Those at risk include U.S. military personnel, shipyard workers, brake mechanics, roofers, cement workers, demolition workers, homeowners doing renovations, spouses and children of workers...the list goes on and on. Exposure to asbestos can cause a variety of cancers, the most deadly being mesothelioma. Asbestos diseases usually do not manifest themselves until decades after a person is exposed to asbestos fibers, but then the diseases develop rapidly. Most patients with mesothelioma die within two years of being diagnosed.
"Asbestos is deadly, it's devastating families and communities, and every day that we wait to ban it, we're sentencing more Americans to an early and avoidable death," explains Senator Patty Murray (D-WA).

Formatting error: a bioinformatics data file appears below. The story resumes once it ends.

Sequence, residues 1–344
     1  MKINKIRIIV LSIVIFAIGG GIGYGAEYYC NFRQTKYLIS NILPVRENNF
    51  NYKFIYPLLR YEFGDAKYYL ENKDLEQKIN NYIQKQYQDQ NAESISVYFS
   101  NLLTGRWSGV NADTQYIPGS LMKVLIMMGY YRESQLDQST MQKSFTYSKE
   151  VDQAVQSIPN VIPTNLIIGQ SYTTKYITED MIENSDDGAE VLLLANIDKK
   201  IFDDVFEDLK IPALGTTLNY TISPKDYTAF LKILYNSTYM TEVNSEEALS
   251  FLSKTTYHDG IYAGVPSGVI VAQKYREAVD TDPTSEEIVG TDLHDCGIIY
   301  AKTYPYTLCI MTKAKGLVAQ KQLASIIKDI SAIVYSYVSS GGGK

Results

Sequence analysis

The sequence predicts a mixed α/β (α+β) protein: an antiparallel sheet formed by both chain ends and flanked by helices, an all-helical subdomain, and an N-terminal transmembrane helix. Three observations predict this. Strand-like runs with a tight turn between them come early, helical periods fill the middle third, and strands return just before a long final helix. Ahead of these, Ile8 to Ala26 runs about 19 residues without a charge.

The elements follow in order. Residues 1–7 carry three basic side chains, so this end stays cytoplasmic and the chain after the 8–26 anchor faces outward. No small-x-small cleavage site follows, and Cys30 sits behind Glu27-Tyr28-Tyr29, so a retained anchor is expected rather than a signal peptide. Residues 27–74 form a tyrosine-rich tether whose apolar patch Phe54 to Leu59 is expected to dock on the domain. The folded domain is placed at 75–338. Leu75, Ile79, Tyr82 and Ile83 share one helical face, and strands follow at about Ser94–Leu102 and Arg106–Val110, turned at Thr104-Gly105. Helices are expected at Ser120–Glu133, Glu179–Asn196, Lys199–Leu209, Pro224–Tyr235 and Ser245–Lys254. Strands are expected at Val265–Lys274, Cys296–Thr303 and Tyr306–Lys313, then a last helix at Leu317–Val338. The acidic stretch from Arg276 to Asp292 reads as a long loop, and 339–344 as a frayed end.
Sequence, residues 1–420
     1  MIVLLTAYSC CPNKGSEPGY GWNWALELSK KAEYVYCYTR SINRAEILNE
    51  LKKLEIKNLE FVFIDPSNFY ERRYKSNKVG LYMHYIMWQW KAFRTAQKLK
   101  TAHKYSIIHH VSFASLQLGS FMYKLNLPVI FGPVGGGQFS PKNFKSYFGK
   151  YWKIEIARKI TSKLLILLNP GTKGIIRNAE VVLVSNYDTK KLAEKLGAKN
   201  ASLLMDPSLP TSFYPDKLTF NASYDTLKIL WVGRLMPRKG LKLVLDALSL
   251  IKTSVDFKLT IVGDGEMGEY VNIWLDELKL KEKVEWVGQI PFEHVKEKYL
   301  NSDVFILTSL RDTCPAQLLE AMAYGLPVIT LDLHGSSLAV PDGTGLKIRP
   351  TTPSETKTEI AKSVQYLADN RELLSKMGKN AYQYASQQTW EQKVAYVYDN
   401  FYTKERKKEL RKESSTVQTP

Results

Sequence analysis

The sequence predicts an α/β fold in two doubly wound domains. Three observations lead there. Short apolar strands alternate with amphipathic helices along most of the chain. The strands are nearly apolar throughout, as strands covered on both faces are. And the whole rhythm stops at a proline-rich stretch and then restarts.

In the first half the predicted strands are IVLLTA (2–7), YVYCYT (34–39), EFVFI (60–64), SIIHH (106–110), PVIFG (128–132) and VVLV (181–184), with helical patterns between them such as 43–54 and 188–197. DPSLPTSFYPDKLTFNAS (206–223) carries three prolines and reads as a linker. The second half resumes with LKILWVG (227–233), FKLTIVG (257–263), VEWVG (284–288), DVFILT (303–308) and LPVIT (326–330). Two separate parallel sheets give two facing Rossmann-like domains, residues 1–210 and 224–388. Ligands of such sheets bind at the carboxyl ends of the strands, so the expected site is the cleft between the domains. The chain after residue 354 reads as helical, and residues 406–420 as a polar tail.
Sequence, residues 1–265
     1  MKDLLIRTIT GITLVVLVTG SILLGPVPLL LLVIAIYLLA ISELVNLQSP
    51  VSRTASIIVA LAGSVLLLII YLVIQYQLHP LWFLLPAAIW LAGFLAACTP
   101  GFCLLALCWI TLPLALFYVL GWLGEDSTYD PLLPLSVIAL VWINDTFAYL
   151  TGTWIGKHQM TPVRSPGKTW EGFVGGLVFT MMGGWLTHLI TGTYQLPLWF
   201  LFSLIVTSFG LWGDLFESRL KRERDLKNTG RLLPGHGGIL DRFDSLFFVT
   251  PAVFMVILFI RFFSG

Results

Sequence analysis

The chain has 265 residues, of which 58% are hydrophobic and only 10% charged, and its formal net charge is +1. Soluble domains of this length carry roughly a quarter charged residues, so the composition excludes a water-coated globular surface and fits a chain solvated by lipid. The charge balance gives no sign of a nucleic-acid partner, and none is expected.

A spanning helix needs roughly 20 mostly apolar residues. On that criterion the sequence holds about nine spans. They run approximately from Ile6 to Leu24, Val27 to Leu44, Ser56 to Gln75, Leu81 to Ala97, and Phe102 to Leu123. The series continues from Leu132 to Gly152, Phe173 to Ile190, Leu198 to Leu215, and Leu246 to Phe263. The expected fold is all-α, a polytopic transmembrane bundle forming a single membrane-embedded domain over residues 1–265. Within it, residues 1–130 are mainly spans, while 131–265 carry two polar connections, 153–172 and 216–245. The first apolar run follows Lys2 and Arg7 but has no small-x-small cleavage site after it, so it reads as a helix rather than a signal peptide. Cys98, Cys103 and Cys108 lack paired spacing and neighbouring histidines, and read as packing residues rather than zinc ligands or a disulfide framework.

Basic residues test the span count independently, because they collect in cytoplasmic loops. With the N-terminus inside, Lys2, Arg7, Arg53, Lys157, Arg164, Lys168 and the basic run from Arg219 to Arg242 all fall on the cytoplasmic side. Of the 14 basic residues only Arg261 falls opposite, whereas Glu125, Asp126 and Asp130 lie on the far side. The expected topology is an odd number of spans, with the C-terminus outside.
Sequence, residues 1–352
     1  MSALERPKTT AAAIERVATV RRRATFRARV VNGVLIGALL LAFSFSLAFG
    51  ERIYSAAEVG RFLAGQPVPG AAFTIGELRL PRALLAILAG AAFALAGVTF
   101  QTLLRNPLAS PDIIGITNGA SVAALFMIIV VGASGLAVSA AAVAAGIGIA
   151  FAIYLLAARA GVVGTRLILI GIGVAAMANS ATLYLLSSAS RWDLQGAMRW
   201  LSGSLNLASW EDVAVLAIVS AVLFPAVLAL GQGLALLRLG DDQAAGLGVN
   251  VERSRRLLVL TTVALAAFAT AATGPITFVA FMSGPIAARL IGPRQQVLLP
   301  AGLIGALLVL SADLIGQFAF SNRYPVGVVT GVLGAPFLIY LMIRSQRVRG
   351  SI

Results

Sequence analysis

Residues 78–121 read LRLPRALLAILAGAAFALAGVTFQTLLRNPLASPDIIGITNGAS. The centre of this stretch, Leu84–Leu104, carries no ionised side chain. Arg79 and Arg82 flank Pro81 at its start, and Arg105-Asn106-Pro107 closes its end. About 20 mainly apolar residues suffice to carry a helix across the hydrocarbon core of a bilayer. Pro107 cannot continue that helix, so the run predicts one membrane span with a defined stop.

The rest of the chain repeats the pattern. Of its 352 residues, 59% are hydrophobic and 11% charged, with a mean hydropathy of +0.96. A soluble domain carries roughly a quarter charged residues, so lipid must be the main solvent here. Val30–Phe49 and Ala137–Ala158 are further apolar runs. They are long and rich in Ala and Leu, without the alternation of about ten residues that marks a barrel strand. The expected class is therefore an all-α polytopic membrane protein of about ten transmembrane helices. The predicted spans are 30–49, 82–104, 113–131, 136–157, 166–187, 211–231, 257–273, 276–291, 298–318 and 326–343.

The Symposium continues this evening, as more than 200 participants are expected to join in a moving Tribute Ceremony and Candlelight Vigil on the West Lawn at the Steps of the Capitol, featuring symposium panelists and participants, including Susan Vento, whose late husband, Congressman Bruce Vento (D-MN), lost the battle against pleural mesothelioma seven years ago.
Friday, October 5th and Saturday, October 6th, the Symposium continues in the Westin City Center, 1400 M. Street, NW, in Washington, D.C., with meso scientific presentations, information and support for meso patients and family members, and further advocacy to help secure ultimate passage of the bill.
On the House side, Congresswoman Betty McCollum (D-MN) has introduced the Bruce Vento Ban Asbestos and Prevent Mesothelioma Act of 2007 (H.R. 3339), to ban asbestos in the United States and expand prevention, research, and treatment for asbestos-related diseases, including mesothelioma.
"It's long past time that our country banned asbestos," McCollum said.
"After decades of
|SOURCE Mesothelioma Applied Research Foundation|
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